Sports announcer Vin Scully traces his career break to a painful loss suffered by UNC’s football team.
It was 1949, and CBS radio had just agreed to give the 21-year-old Scully a tryout, calling in updates for Red Barber’s Saturday afternoon football roundup. Barber dispatched him to cover Maryland vs. Boston University at Fenway Park. Despite the unexpectedly primitive conditions — without coat or gloves he had to stand on the roof in the cold wind with a hand mike and a long cord — Scully remembers the day fondly:
“I got lucky. The big game that day was supposed to be Notre Dame-North Carolina, but that turned into a rout (42-6), and my game was a thriller, so I was called in more often for reports.”
Barber was impressed with the novice’s performance, and by the next baseball season Scully had joined him in broadcasting Dodgers games — which he still does today, 62 years later.
[After Larry MacPhail of the Yankees made an offer to radio announcer Red Barber to leave the Dodgers, Branch Rickey made a counteroffer for him to stay.]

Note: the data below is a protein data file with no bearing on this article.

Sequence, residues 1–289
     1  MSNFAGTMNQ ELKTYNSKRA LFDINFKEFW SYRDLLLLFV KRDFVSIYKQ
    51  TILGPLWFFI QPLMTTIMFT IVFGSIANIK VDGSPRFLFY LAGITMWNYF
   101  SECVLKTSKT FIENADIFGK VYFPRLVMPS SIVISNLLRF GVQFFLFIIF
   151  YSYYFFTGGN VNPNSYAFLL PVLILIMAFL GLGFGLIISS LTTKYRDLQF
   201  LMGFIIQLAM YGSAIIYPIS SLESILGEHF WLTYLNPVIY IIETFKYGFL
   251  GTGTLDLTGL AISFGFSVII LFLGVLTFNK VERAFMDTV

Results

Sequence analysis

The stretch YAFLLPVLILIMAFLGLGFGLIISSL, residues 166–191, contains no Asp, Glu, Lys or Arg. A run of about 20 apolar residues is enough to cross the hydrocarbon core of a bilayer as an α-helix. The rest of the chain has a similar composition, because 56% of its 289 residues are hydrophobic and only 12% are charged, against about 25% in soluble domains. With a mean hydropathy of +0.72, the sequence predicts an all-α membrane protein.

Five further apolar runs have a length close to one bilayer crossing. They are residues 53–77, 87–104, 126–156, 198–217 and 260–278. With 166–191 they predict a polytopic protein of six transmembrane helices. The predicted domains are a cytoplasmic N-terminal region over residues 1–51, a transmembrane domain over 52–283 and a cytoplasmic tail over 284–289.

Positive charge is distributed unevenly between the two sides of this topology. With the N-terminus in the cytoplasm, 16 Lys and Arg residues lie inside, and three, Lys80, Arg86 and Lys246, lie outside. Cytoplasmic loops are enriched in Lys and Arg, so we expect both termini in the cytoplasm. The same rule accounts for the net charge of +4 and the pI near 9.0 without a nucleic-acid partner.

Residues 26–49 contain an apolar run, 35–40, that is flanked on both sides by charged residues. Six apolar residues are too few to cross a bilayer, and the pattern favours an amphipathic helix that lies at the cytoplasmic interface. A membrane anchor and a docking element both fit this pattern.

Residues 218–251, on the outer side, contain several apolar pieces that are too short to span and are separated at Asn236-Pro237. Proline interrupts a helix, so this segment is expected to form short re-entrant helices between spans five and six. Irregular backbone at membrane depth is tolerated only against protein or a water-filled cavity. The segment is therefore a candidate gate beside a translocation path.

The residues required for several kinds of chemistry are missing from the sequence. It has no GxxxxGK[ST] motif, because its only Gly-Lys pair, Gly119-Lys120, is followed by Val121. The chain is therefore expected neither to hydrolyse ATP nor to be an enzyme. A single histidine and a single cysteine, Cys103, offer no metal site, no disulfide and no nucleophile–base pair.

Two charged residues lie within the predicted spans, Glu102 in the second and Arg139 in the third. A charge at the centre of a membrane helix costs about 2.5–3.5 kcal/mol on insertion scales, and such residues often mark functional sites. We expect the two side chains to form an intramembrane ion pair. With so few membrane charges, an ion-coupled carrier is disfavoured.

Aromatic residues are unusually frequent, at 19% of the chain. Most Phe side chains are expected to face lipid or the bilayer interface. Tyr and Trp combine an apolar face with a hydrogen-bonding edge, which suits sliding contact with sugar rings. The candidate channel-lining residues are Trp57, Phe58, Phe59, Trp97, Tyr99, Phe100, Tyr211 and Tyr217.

“I was deeply troubled that Rickey’s offer might be because MacPhail’s offer had put him on the spot, that in time he might regret having had to make such an offer. Sometimes in our needs a completely unplanned, unprepared, unrehearsed response breaks through.
” ‘Branch,’ I began, ‘down in North Carolina recently — in fact, the day my dad was to be buried — the kinfolks and friends from all around gathered at my aunt’s house. There were so many there they had to stand in the yard. They didn’t come to mourn, they just gathered like a clan, to sort of strengthen everybody. They just visited.
” ‘One fellow said to another, “Jim, what did you ever do with the piece of land you had down on the South Carolina line?” And Jim said, “I found me a willing buyer.” ‘
“Rickey got up from behind his desk, walked around to me, stuck out his hand and said, ‘I’m a willing buyer.’ ”
–– From “1947: When All Hell Broke Loose” by Red Barber (1982)
In 1954, after a contractual dispute, Barber did switch to the Yankees. Later in life he and Bob Edwards chatted weekly on NPR.